We never believed that Bernie Madoff operated his giant Ponzi scheme alone. Yesterday we moved closer to the truth when Madoff’s CFO confessed to participating in the scam for decades.
But thanks to the decision by Judge Richard Sullivan to jail Frank DiPascali this may be as close to the truth as we get.
Prosecutors had asked the judge to release DiPascali, arguing that he should be released because he was cooperating with the authorities. But Sullivan jailed him anyway.
Now it’s perfectly legal for a judge to overrule a deal cut with prosecutors. But it’s rare and it’s very risky. It exposes something prosecutors don’t want targets of investigations to think about—that whatever a prosecutor tells them about cutting a deal, a judge can overrule it. This makes targets of investigation far less likely to cooperate.
This is more than an abstract concern. It seems very likely that DiPascali may stop cooperating. And others who worked at Madoff’s firm will also now be hesitant to cooperate with authorities, worried that the public outrage attached to the case will result in jail time regardless of the level of cooperation.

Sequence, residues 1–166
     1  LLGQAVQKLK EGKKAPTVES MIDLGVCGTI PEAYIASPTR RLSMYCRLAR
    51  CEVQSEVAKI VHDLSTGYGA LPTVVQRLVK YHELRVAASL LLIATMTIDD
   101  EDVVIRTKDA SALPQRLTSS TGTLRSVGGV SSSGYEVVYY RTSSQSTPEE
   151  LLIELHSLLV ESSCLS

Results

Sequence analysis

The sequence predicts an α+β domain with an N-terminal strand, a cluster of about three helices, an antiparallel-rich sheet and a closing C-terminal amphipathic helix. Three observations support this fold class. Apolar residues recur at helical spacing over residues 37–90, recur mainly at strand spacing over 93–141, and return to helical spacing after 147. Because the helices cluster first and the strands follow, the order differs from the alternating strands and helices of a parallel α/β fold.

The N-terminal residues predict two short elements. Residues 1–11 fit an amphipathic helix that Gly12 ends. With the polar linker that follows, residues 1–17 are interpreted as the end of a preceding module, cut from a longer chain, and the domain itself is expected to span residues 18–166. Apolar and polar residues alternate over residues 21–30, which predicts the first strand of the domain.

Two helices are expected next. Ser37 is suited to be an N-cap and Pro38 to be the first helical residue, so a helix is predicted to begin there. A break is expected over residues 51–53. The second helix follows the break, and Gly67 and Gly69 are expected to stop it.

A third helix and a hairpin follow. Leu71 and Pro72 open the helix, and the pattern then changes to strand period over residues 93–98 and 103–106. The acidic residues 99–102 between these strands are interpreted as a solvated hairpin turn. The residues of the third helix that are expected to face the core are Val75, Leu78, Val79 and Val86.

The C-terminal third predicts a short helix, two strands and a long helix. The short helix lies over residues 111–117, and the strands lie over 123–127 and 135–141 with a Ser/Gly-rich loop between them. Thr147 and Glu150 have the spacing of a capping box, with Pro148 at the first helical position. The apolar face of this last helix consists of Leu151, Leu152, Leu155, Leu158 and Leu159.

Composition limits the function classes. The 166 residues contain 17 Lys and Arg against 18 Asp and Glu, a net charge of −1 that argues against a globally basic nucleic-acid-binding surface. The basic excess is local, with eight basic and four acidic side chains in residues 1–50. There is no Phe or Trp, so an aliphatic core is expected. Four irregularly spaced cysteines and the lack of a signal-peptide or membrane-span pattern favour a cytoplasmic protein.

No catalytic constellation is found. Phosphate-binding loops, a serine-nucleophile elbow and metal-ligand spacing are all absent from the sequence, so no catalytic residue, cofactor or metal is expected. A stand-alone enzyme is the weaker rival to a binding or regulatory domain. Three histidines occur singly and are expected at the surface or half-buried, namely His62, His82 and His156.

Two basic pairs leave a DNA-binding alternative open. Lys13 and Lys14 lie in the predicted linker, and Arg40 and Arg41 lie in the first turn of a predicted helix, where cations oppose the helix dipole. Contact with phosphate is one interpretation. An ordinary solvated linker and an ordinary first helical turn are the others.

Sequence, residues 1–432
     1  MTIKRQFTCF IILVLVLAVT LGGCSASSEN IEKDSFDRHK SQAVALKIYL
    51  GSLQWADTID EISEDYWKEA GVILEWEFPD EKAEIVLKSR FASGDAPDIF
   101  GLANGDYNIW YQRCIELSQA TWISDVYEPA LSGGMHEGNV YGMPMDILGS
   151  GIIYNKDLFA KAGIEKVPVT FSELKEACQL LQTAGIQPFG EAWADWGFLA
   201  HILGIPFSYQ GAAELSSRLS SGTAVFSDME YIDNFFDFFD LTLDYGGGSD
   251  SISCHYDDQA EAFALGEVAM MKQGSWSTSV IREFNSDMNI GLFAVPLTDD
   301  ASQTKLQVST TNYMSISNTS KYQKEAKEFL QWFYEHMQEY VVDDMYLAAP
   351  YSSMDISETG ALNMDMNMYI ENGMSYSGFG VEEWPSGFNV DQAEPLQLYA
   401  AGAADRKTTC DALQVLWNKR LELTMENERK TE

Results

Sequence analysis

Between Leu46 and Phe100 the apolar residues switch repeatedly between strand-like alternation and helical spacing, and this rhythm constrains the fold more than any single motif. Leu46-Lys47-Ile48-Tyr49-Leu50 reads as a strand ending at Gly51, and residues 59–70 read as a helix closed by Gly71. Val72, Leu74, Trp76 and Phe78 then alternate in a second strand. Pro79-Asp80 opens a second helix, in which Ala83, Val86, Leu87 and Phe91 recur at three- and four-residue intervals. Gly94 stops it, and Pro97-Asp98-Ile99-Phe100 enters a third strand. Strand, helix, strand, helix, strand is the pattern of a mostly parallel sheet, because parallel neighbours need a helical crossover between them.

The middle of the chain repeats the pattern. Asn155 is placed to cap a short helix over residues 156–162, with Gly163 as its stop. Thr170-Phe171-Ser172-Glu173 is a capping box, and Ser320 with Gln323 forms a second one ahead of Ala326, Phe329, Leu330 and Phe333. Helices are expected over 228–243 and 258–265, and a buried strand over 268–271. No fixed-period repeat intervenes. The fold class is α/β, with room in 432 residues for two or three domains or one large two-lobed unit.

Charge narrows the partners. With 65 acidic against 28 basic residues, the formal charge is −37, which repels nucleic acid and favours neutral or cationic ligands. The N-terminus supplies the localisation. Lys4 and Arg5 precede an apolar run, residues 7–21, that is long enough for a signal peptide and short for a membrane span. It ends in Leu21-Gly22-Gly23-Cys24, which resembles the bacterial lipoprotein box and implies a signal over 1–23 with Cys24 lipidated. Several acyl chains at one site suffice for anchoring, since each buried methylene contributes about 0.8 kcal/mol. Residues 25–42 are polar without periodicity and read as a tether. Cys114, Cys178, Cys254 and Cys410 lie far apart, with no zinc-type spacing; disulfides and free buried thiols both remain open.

In addition to the effect on the Madoff case, his refusing to release DiPascali is a real step backward for law enforcement. Prosecutions of all forms of crime, but particularly organised crime and white collar cases, depend upon insiders ratting out their collaborators.
Sullivan seems to be saying that in a well publicized case, a deal with prosecutors won’t be worth a damn.
Future cooperators in the Madoff case, and I’m sure the feds have others, have good reason to wonder if they’ll wind up in the can even if the prosecutors promise they won’t. This means that prosecutors may have a hell of a time making cases against others who made the Madoff scam possible.
If that happens, Sullivan won’t be blamed. After all, he just kept the guy in jail and who can blame him for that?
It’s a low-risk move–for the judge. Cynical, self-centered and very dangerous.
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